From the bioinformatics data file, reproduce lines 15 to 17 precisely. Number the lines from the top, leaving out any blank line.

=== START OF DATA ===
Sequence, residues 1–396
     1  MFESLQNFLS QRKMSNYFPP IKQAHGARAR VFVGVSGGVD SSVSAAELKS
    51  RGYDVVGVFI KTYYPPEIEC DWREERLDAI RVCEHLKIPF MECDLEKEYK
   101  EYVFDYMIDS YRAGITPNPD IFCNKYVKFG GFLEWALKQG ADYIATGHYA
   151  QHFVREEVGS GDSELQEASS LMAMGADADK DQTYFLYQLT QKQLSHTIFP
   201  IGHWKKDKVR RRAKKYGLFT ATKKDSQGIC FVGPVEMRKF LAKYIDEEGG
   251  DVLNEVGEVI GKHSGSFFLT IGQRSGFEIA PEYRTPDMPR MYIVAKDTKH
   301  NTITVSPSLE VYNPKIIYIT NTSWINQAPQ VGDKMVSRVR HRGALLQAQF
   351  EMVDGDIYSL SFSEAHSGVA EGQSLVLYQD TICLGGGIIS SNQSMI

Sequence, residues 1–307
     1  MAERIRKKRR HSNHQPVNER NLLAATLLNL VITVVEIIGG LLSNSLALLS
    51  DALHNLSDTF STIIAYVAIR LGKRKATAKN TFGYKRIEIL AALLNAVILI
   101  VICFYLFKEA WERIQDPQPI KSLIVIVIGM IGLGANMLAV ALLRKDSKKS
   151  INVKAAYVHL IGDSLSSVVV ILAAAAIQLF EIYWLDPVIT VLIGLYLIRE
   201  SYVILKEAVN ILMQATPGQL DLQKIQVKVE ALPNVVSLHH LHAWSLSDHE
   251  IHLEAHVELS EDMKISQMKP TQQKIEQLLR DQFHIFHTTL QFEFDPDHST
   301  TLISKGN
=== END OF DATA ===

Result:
   201  SYVILKEAVN ILMQATPGQL DLQKIQVKVE ALPNVVSLHH LHAWSLSDHE
   251  IHLEAHVELS EDMKISQMKP TQQKIEQLLR DQFHIFHTTL QFEFDPDHST
   301  TLISKGN